“Well then it’s a good thing the man traditionally does the asking.” His eyes danced with mirth. How could he be so blissfully ignorant? She sighed. How could she keep him that way, forever?
“Cyrus, you don’t love me.”
“Of course I love you!” His brows furrowed.
“Not the way a man should love a woman.” Her face heated. She never expected to have this discussion with her only friend. And favorite priest.
“It's true we're better friends than lovers, Jules, but it could grow. At least it could for me.” He placed a hand under her chin, as though testing a more intimate proximity. She felt like a deer before her flying arrows.
“And what if it’s not enough?” she whispered. Marriage would not hold her guardians at bay. This discussion was pointless. But Cyrus took her words the wrong way.
“If it doesn’t grow the way I anticipate, then we maintain a marriage of companionship. A priest and priestess that serve the Stars for life under the same roof.”
She shook her head, choking back a sob. His kindness tore her in two, and the secrets she kept threatened to spill over. Why hadn’t Brother Keef minded his own business?
His hands moved to her upper arms, his grip more urgent than usual. “Can we at least seek out the Stars before you dismiss such a suggestion? We have several days before you're of age to marry without your guardians' consent.” He was hurt.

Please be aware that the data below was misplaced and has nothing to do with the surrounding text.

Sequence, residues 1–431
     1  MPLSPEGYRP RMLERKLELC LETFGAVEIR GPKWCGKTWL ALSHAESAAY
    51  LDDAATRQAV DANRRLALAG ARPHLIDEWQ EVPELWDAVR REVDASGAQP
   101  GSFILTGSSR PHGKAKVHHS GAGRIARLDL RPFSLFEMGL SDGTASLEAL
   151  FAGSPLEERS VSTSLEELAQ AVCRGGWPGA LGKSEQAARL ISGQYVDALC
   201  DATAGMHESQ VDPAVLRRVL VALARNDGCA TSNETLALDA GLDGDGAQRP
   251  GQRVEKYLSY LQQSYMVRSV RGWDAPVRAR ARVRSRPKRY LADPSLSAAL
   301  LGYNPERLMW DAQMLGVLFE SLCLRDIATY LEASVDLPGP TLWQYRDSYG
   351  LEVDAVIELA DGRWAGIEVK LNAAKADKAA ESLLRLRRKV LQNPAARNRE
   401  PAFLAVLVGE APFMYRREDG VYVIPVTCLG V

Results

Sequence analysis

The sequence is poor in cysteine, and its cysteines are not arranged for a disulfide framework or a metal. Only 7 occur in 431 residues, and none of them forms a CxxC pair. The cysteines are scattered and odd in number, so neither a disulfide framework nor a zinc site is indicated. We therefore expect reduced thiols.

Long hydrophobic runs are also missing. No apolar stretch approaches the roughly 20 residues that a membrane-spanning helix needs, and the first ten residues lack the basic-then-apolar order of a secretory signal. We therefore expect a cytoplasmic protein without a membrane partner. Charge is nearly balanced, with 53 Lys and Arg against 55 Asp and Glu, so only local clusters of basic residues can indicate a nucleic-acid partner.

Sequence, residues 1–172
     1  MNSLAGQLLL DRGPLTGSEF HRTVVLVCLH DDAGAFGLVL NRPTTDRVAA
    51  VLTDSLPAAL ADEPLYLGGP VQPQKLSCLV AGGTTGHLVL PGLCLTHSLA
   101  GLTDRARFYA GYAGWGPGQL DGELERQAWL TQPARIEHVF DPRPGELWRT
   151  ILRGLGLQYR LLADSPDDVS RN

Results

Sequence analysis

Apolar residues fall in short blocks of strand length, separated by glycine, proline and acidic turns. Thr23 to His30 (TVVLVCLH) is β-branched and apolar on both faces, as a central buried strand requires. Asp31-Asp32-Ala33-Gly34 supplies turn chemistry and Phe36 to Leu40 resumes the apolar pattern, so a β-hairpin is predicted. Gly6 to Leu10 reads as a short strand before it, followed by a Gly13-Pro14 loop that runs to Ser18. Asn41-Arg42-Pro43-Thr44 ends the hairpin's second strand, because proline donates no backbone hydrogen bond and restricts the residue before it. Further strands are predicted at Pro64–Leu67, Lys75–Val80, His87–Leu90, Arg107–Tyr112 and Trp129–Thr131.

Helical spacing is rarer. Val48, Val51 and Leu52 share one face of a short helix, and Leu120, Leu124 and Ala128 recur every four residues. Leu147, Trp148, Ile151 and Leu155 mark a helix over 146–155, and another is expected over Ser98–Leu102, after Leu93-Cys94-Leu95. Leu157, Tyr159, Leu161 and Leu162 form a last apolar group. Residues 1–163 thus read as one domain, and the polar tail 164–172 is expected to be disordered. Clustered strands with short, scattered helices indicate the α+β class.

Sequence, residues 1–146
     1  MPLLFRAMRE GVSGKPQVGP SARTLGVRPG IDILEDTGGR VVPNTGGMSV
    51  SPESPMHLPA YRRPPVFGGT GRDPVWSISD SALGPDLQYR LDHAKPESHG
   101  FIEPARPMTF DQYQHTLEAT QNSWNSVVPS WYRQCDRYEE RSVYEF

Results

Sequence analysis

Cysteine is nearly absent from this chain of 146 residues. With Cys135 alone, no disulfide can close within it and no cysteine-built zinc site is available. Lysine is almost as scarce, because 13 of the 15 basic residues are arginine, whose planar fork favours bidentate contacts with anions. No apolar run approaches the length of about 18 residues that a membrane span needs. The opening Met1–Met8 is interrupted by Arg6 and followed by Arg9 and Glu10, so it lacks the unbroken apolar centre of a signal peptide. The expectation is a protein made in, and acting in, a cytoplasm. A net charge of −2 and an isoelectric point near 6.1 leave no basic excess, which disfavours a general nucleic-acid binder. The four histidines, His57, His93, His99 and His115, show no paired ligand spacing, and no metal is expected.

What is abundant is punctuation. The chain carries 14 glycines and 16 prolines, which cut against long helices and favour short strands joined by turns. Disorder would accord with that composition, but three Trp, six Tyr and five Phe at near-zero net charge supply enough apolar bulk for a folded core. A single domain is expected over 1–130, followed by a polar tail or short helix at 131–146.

“It’s not the thought of being with you that deters me,” Julana said. That wasn’t entirely true. She loved him like a brother, and treating him any other way wouldn’t feel right. But the real concern was the Klups.
“Then what is it?”
“They would kill you,” she whispered. Her heart quickened. She’d never spoken of the lengths they would go or the depths of her fears.
“All the more reason we should seek out the Stars.” He pulled her into the atrium and they knelt in the center. After their discussion, Julana found herself uncomfortable. They’d prayed together before, but not often. Cyrus spoke with ease, beseeching the Stars for wisdom, guidance, and protection. Her heart broke over his sincerity, and the knowledge of the extent he was willing to go for her safety. Perhaps he really did love her.
He paused in his prayer, offering her the chance to speak. She opened her mouth, but couldn’t find the right words. Doubt plagued her like it never had before. Surely the Stars were there and cared for her. But she wanted answers. She was tired of praying to the Stars without any real hope of hearing back from them. “Show me,” she whispered. “Please just show me what to do.”
Light flashed in the room and she and Cyrus rose in shock. Julana's heart pounded and her eyes attempted to adjust. Cyrus placed himself in front of her as the golden figure of a woman materialized before them. The rest of the room dimmed in her presence, or perhaps she drew the light into her magnificent glow. It hurt Julana's eyes to look, but the pain couldn't draw her gaze away. They were communing with a Star.